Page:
For decades NHLBI research on acute respiratory distress syndrome (ARDS) has defined the way patients are diagnosed and treated for acute lung injury. Doctors rely on the results of this research to give patients the best chances of recovery.
The NHLBI has demonstrated its commitment to ARDS research by setting the direction of ARDS research; supporting studies on the biology of infection, inflammation, and repair; and funding nationwide research networks that aim to improve patient care. Recent studies have revealed that there may be different types of ARDS, and these discoveries are leading to fresh approaches to finding treatments that lessen the burden of the condition.
NHLBI research that really made a difference
Many of the standards hospitals use today to treat ARDS first showed promise in studies conducted by the ARDS Clinical Trial Network (ARDSNet), which the NHLBI launched in 1994. More than 5,000 patients took part in ARDSNet studies over 20 years, helping test multiple treatment approaches using ventilators-which blow extra oxygen into the airways – as well as corticosteroids and other medicines.
ARDSNet researchers found that patients suffered less lung damage when ventilators were set to pump less air into their lungs than doctors had thought medically necessary. As a result, more ARDS patients survived, and the new approach became the standard practice for treating the condition. Another ARDSNet study defined best practices for the amount of fluid ARDS patients need during their treatment. Because of this, people with ARDS who are in the intensive care unit for lung injury now spend less time on mechanical ventilation.
Current research funded by the NHLBI
Research on COVID-19 and ARDS
Patients who are severely ill with COVID-19 often have ARDS, so in 2020 many ARDS researchers quickly shifted their focus to the pandemic research response. They tested existing medicines, such as hydroxychloroquine, to see whether any helped to treat COVID-19. They also investigated patients’ long-term recovery from the disease. Other efforts include:
- Medicine studies: The ACTIV-3 Critical Care study, which explores combinations of medicines to improve treatment of ARDS as a result of COVID-19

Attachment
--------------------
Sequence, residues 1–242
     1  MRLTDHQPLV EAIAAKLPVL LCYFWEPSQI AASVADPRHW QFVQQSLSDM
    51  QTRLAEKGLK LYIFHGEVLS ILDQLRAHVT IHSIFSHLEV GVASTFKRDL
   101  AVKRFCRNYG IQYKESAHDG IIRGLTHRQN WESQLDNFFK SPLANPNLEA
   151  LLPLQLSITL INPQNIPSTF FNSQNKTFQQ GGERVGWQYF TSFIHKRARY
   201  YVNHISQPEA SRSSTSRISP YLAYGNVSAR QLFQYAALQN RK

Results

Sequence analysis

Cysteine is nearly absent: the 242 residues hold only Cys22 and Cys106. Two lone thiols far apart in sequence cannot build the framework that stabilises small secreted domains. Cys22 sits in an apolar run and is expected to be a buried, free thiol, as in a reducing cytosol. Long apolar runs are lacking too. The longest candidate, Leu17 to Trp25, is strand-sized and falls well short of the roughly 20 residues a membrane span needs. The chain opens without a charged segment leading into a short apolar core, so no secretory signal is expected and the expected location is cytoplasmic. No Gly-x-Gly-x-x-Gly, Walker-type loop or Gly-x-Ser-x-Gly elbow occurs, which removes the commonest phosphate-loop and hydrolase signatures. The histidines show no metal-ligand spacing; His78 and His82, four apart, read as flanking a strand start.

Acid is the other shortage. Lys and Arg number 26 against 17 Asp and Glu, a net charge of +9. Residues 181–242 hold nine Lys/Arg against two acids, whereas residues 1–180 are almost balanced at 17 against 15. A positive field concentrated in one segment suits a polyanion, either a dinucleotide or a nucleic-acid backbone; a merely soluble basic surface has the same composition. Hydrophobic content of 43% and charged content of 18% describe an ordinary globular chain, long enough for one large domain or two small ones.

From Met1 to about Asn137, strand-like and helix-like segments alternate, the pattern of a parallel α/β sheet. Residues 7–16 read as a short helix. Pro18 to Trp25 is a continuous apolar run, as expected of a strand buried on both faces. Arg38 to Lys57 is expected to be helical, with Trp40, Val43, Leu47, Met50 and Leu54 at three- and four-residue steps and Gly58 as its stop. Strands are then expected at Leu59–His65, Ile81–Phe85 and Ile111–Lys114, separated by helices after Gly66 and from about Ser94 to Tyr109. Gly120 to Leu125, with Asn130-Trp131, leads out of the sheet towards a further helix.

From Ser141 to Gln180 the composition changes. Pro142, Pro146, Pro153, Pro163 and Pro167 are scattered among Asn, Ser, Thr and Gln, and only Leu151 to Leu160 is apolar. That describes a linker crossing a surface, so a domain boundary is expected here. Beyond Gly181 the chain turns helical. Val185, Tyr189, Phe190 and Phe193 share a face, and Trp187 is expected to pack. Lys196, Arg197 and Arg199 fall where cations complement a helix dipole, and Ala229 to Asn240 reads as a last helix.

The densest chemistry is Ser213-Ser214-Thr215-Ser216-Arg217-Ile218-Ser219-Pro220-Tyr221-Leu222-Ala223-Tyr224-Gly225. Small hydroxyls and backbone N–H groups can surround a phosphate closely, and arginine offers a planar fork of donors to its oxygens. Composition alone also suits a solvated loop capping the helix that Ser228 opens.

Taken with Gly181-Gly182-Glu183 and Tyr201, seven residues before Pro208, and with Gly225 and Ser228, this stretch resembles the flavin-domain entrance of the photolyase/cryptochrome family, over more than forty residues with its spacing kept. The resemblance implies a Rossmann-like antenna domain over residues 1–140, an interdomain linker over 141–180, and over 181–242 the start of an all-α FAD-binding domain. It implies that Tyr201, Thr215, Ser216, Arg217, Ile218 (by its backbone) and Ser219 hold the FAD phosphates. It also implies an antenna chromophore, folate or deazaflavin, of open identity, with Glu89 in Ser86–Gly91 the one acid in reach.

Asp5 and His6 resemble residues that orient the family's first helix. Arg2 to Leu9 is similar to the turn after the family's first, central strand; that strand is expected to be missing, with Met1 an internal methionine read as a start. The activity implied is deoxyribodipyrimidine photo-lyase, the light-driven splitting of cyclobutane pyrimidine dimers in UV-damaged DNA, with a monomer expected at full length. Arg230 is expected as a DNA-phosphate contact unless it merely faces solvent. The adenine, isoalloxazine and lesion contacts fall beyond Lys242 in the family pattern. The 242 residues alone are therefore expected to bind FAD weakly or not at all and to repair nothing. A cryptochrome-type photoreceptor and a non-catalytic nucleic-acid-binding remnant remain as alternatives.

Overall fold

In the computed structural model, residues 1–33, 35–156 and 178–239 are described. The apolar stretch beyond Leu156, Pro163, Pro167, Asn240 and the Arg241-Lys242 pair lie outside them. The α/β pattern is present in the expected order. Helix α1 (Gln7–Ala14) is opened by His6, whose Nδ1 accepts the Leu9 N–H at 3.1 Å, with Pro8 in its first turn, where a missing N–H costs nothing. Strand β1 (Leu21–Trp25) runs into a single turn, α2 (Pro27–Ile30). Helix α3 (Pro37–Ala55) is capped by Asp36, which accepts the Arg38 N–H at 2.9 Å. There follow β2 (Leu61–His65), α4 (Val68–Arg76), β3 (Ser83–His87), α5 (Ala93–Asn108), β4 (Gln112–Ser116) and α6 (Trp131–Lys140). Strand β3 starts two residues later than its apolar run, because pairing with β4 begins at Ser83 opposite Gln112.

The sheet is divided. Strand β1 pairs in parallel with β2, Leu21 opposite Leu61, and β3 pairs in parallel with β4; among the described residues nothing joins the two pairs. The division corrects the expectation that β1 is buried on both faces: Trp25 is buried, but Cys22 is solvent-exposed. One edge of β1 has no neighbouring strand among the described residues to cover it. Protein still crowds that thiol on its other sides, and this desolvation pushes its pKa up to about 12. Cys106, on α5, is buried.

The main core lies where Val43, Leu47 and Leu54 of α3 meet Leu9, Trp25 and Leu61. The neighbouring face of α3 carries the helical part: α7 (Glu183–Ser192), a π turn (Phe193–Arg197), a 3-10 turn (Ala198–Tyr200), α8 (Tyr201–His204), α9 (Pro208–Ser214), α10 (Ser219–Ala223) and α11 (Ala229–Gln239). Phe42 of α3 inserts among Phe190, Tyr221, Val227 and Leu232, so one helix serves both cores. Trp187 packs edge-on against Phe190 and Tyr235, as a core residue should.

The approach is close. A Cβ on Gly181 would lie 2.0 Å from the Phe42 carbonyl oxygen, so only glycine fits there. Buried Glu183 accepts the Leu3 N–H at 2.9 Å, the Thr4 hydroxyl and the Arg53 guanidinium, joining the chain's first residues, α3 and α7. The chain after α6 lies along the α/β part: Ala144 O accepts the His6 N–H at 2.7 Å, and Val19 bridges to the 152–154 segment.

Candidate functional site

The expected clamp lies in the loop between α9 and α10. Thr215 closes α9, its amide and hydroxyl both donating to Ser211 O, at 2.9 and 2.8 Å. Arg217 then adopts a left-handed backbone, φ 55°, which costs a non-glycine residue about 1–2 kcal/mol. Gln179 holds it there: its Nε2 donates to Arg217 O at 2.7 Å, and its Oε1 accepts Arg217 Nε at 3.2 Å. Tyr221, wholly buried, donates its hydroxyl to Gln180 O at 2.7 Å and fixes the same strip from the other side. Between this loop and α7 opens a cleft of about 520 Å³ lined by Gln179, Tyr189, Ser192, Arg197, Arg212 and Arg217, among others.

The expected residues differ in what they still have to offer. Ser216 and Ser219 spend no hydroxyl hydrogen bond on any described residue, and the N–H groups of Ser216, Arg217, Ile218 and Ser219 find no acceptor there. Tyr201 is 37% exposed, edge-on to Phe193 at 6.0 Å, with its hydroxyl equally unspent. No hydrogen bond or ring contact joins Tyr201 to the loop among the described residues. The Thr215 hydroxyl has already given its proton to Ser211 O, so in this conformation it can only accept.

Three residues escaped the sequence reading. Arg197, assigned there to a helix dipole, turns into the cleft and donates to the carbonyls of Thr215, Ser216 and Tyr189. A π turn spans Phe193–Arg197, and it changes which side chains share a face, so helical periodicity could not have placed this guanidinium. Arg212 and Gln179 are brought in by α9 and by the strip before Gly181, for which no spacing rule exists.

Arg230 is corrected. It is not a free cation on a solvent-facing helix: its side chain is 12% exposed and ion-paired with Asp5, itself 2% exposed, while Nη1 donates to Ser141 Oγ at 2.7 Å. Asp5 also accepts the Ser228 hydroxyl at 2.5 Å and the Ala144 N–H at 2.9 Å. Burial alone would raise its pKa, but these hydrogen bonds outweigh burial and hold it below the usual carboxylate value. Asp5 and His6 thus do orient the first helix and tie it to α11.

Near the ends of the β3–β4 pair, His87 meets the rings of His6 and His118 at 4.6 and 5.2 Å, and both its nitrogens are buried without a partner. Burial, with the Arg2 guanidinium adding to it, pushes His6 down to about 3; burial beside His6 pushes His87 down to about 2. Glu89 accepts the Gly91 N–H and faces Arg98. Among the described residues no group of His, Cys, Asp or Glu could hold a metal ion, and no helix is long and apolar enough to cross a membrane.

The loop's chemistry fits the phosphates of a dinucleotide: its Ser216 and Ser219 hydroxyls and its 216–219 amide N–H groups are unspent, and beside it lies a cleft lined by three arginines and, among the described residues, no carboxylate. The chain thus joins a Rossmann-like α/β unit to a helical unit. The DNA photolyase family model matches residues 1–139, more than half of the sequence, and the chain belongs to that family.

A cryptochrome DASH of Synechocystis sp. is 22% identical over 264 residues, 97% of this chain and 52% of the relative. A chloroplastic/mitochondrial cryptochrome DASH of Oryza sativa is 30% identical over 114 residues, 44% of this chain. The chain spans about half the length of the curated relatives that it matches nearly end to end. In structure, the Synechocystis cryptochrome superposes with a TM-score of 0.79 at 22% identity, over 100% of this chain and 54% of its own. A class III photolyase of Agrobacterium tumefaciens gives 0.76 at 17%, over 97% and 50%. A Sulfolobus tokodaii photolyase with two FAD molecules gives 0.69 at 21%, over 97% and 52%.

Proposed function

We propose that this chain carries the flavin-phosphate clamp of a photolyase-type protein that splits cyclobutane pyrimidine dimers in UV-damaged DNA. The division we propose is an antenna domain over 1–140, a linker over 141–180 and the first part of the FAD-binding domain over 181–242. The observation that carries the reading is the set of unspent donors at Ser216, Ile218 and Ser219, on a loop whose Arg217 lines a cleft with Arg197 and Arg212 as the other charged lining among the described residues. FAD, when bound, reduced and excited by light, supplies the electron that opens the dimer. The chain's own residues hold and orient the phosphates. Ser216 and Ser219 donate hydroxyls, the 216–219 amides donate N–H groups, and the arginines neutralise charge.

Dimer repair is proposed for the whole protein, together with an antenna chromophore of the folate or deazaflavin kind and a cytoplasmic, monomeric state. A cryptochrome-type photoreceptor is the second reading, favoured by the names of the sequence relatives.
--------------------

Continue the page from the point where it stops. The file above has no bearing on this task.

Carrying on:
- Stem cells: Clinical trials, which will test the safety and efficacy of a new stem cell treatment – meant to control the effects of overactive white blood cells – in a small group of patients who have moderate or severe ARDS
Understanding lung inflammation
Infection — from the flu or pneumonia, for example — is a major cause of ARDS. By studying conditions that develop from infection, researchers can better understand ARDS. They can learn about the basic patterns that occur when infection grows in the body and inflammation sets in, and also what happens as the body fights off infection and starts to heal. The NHLBI supports research into these basic patterns of immune biology and how these patterns may offer opportunities for treatment.
- Pneumonia: Researchers are studying recovery from pneumonia to understand how the lung controls inflammation after an infection and begins the healing process.
- Immune responses: Researchers are hoping to test a new model to understand how ARDS may actually suppress the immune system of some people, not send it into overdrive like it appears to do in most. Studies have long shown that people with ARDS have a marked increase in inflammation, but this current research follows up on evidence showing that some people with ARDS may have the opposite pattern.
- Cellular treatments: One study of immune cells called macrophages is looking into the role these cells may play in controlling inflammation. Investigating that role may point to ways that macrophages can be used in treatments for ARDS.